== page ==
CRIT Mumbai participates in Audi Urban Future Initiative

Collective Research Initiatives Trust (CRIT) is a group of individuals that delves into understanding the urban realm of Indian cities through research and pedagogy. The group was conceived in 2003 and since then through its activities has studied and participated in initiatives such as housing, urban mapping and various issues in emerging urbanization.

The group recently participated in the Audi Urban Future Initiative Awards of 2012 where it stood as one of the four finalists. The competition was won by Boston based practice Höweler + Yoon Architecture. The winning entry was a re-imagination of the highway as the vision that unifies the I-95 corridor between Boston and Washington D.C. into a mega-region called ‘Boswash’.

When CRIT was invited to participate in the Audi Urban Future Award 2012, they were posed three questions: What will the future of Mumbai look like in 2030? What will CRIT’s role will be in this envisaged future? What is its vision?

Image: Prasad Khanolkar, CRIT

CRIT’s response for the award (below) is quoted from the Audi Urban Future Initiative website:

On urban futures

Ideas about future cities have been dominated by two imaginations: First, of a utopian coherence unified by robust information systems and coordinated by super infrastructure; and second, a city engendered by catastrophes of environment, poverty, and deterioration. Inherent in these imaginations of coherence and catastrophes is the idea of time as a singular linear rhythm, of space as an entity with fixed coordinates and of people as homogeneous and inert mass. The city, on the contrary, multiplies time(s), blurs boundaries, mixes categories, provides platforms, builds connections, and opens up probabilities to transact–creating possibilities for divergent future trajectories. To talk of “a” future for cities, be it utopian or dystopian, forecloses the possibilities that cities open.

On urban mobility

When mobility is seen as transport, it ends up in a problem-solving exercise that produces mega projects, intelligent vehicles or infrastructures that claim to be intelligent. Within the urban realm, the concept of mobility needs to be understood beyond transportation, as transportation itself is embedded in the multiple processes that shape the city. For CRIT, mobility is a twofold concept. First, it involves the different kinds of movements that are brought about by urban transformations today. These include access, migration, gentrification, class movement, etc. And second, mobility or to mobilize is the ability to navigate the complex urban ecosystem of geographies, legislations, claims, powers, relationships, and information to construct one’s path amidst these movements.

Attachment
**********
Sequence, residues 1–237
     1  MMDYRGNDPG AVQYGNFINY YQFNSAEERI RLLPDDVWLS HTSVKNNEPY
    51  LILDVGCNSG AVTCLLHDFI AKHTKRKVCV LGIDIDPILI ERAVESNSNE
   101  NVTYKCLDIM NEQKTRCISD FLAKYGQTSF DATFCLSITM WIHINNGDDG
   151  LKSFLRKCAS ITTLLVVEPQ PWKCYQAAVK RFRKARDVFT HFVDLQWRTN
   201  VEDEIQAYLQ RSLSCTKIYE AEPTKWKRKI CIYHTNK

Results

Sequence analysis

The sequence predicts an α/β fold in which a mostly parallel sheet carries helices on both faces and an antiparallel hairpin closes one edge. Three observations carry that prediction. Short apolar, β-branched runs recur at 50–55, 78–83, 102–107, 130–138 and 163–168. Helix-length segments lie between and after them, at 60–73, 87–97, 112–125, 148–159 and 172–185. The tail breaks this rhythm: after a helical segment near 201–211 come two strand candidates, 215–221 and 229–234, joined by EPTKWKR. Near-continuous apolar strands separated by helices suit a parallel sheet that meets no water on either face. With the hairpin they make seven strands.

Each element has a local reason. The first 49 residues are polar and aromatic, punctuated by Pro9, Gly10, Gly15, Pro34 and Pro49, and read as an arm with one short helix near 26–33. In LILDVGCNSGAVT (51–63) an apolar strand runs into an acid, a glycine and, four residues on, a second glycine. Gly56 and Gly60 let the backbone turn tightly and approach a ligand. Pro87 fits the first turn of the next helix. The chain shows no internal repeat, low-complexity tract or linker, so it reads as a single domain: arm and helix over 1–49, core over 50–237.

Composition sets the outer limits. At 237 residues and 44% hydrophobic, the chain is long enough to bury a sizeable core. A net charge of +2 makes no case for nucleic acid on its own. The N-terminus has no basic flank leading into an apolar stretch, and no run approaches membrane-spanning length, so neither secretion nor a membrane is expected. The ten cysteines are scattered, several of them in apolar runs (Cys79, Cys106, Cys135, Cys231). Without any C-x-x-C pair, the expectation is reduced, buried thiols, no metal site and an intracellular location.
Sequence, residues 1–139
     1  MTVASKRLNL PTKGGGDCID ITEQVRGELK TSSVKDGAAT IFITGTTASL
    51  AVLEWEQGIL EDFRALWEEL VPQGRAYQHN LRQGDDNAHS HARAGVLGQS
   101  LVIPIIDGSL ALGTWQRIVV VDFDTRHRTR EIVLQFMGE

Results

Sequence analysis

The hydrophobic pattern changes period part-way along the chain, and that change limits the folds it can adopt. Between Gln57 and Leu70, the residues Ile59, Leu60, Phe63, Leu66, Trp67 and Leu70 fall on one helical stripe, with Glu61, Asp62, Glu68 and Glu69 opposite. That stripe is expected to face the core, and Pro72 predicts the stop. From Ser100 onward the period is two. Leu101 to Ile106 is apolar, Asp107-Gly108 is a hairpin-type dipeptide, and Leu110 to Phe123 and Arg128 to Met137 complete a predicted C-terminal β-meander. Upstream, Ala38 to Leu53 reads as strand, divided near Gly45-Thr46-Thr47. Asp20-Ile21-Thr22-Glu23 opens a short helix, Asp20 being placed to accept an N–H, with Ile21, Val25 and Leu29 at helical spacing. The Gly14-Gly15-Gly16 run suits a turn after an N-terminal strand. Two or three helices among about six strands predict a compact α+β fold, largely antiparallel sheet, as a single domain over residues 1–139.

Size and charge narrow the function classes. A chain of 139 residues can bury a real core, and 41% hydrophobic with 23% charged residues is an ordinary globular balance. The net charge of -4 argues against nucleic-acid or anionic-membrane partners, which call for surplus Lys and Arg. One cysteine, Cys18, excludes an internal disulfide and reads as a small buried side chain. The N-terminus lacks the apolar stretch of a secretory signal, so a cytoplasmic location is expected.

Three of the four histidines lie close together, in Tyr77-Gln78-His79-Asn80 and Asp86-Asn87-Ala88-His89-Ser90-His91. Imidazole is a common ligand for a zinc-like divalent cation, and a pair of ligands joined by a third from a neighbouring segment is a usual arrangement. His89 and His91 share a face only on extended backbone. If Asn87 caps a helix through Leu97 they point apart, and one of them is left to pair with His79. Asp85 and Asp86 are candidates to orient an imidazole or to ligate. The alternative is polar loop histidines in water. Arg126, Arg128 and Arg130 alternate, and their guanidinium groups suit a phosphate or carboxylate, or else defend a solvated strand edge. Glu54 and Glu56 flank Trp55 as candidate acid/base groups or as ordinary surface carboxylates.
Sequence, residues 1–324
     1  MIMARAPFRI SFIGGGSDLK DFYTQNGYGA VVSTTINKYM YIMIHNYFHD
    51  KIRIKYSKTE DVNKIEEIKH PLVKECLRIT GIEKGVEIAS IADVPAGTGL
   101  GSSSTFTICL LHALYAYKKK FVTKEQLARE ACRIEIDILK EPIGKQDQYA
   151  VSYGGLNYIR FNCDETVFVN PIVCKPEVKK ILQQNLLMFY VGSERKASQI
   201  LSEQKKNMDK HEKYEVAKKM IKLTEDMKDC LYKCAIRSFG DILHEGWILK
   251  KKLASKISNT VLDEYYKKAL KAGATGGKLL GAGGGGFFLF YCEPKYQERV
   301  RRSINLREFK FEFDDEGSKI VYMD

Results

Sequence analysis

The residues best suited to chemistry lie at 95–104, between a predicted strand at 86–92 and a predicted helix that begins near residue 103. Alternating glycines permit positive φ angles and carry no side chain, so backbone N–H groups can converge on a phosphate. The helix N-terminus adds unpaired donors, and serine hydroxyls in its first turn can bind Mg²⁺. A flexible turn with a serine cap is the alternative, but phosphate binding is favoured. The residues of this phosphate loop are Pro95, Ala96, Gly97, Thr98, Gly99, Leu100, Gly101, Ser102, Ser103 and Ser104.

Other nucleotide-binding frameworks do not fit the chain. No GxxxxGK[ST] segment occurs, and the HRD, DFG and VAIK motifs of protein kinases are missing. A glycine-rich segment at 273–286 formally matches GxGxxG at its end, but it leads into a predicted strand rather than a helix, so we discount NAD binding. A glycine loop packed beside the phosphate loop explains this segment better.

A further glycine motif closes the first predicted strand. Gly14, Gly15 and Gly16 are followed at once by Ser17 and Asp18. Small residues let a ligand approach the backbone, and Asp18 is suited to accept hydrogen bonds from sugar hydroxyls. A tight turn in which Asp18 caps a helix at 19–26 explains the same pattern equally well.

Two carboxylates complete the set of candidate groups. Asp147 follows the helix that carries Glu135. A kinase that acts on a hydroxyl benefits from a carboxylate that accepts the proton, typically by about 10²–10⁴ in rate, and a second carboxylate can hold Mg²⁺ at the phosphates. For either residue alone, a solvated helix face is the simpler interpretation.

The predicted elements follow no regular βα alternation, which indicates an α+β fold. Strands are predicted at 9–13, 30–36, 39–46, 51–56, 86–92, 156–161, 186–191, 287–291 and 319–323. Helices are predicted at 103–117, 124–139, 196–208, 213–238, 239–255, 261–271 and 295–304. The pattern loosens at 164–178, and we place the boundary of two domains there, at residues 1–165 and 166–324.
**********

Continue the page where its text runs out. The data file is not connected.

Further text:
This response is left a little open-ended and perhaps can be dealt with in the second generation of problem-solving and while it points out a few classic issues clearly it doesn’t point to clear steps forward. At this point, Mumbai does have a few glaring issues that can be dealt with with a sense of emergency.  In my observation, I have seen a number of think tanks emerging studying Indian urban issues and since the issues are largely multi-layered and complex, they are not being broken down to smaller, manageable, tangible projects which will solve some immediate issues facing the cities. Discourse and research can continue but there is a need to spell out actions and act on them right away through small and medium enterprises and largely enabled through governance.

One, I can say is mobility and transport: curbing private and single occupancy vehicles and complementing them with a robust mass public transit system; walking and biking friendly roads and lanes are imperative; clusters of mass functional housing near business corridors is another; lastly, cleaner and safer Mumbai will include better trash management, more public and open spaces, public amenities like libraries, parks and so on. The current fragmented approach of exclusivity and divisive approach to the city will only lead to conditions for corruption and crime. Intervention is necessary and organic, and a romantic idea is not an answer to Mumbai’s visible plague. The time is now.

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